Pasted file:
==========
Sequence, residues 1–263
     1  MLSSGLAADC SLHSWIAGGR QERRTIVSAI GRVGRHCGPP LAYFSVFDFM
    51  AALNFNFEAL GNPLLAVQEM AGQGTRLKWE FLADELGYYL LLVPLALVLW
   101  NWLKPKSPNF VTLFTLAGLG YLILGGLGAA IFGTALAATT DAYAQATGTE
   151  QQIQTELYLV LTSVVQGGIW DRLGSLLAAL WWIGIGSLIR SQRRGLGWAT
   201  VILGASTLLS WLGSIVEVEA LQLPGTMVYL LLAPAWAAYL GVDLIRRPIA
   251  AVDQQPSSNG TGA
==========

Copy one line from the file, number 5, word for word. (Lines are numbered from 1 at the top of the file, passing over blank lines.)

   151  QQIQTELYLV LTSVVQGGIW DRLGSLLAAL WWIGIGSLIR SQRRGLGWAT